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March 18, 2021
  

[Brain Image]    

PSY 340 Brain and Behavior


Class 17: Visual Coding and Retinal Receptors (OUTLINE)

   

Introduction:  What does it mean to see something? What is vision about?
[Wrong Model of Vision]

  • a brain constructs/builds what someone sees by combining many different but separate elements of the scene in front of that person's eyes; construction is guided by the brain's predictive nature-its expectation of what it has seen before.
  •  coded by the visual system itself; and,
      
  • what we experience visually is NOT a reproduction of the world as it is, but the brain's best guess at what we are seeing.

Components of Vision: What Are You Seeing When You See Something?
 
[Illustration of Visual Deconstruction
              1]

[Illustration of Color Constancy]

Our visual system reveals its constructive nature when we encounter visual illusions



Skye Blue Café Wall Illusion

A further illustration of the importance of "top down" or predictive expectancy in visual perception comes from the way the visual system (which we will outline later in the class and in the next two classes) actually compresses the richness and detail of the visual information at every step as shown in the figure below.

Visual Information Load


A. The Eye and Its Connections to the Brain

[Diagram of Eye and Retinal Layers]

  The Retina (see diagram above and below)

Layers of the Retikna
   The Fovea & the Periphery of the Retina (see diagram above)

B. Visual Receptors: Rods and Cones

Diagram of Rods & Cones
Rods: respond to low levels of light (not to bright light) and most abundant in the periphery of the retina.

Cones
: respond to bright light, essential for color vision, and most abundant in the fovea. There is roughly 1 cone for every 20 rods (ca. 6 million cones and 120 million rods).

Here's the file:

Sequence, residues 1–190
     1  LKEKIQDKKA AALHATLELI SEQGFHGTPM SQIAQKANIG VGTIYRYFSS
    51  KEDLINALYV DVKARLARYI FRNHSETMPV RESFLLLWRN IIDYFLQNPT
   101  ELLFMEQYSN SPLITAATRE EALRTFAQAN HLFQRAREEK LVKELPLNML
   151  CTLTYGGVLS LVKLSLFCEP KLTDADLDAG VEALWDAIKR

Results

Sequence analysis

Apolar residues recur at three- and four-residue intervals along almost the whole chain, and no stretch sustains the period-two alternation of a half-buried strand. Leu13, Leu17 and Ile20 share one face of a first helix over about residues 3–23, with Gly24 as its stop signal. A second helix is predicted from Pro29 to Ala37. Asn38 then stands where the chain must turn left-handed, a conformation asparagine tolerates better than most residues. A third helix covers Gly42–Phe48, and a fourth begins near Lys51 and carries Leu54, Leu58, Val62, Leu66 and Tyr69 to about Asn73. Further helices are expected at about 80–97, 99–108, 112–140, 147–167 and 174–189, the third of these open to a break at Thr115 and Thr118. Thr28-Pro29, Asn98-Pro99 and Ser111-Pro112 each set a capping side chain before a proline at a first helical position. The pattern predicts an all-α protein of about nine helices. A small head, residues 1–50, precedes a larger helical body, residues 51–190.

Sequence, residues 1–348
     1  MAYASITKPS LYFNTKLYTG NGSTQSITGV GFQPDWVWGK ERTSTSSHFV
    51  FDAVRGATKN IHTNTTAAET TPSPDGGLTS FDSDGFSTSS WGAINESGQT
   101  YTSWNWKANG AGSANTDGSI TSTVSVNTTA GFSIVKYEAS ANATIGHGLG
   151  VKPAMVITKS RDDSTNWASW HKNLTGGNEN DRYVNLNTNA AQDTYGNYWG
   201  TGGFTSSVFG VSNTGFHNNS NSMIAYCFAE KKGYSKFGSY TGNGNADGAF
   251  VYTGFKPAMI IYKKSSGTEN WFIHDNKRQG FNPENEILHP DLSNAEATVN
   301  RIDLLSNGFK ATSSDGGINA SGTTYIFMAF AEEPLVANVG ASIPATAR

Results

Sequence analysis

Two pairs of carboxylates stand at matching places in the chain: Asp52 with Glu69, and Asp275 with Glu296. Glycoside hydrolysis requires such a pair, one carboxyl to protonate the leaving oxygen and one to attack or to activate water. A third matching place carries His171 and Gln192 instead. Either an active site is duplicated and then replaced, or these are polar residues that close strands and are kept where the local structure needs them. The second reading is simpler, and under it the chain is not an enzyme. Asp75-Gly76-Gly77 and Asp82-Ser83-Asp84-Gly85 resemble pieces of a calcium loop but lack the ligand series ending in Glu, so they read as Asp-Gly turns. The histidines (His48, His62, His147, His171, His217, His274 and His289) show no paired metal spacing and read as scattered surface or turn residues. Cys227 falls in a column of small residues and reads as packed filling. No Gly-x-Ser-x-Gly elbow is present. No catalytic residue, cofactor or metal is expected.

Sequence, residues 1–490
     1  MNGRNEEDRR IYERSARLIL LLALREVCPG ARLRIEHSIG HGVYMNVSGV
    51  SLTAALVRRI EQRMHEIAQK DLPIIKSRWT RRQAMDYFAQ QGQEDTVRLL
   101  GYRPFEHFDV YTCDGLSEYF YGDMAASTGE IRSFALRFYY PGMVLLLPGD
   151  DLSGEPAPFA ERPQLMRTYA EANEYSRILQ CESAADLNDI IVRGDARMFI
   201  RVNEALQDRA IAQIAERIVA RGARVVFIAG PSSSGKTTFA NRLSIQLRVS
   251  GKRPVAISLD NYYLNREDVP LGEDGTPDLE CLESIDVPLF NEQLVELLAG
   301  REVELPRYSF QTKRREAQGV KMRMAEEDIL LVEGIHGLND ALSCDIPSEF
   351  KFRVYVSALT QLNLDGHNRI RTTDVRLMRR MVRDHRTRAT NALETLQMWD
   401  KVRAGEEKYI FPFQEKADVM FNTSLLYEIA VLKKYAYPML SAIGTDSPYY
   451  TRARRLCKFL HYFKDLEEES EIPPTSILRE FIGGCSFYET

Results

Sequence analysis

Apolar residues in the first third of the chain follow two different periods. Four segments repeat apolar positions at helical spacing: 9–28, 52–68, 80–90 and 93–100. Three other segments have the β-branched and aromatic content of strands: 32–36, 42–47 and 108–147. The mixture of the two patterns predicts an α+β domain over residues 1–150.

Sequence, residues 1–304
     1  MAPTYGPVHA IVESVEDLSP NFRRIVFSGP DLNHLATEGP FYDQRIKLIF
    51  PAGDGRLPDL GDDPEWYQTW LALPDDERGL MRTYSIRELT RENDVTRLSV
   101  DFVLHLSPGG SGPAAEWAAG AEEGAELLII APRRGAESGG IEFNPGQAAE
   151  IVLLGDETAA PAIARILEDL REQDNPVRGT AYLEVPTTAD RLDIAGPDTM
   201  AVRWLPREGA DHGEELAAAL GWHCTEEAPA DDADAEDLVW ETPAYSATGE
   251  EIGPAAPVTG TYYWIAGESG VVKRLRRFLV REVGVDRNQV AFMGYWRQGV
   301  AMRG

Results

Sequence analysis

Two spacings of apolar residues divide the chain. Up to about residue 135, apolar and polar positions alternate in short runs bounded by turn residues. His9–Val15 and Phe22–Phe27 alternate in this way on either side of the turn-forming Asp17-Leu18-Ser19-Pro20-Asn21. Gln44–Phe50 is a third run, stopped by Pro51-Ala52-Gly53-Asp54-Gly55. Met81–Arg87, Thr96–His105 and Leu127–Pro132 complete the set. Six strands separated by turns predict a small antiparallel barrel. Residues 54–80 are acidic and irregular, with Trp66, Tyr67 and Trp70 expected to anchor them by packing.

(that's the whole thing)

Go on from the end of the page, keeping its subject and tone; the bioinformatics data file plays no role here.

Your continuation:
Both rods & cones contain photopigments: these are substances that release energy when they are struck by light (but are stable in the dark). Each photopigment is bound to proteins called opsins. Different kinds of opsins make the photopigments sensitive to different wavelengths of light.

Transduction: the process by which photopigments release their energy when struck by light which, in turn, activates the visual receptors = turning a physical stimulus into a neural signal


C. Color Vision

[Electomagnetic/Light spectrum]


Human beings see light with wavelengths between 350 nm (violet) and about 700 nm (red).

     [Visible vs. ultraviolet light]


The Three Present-Day Models of Color Vision

1. Trichromatic (Young-Helmholtz) Theory of Vision

[Rod & Cone Responsiveness to Different
            Wavelengths]


2. The Opponent-Process Theory of Vision

The trichromatic theory has difficulty in explaining both
[Negative afterimage-Flag]

(1) negative afterimages and

[Colorblindness]

(2) color-vision deficiencies
Ewald Hering (d. 1918) proposed the opponent-process theory of vision,
i.e., we perceive color as a set of three pairs of opposites (red vs. green; yellow vs. blue; white vs. black).

Opponent
          Processing in Vision


3. The Retinex Theory of Vision

[What Color?]
Dr. Edwin Land (Inventor of the Polaroid Camera)
Illusion of Red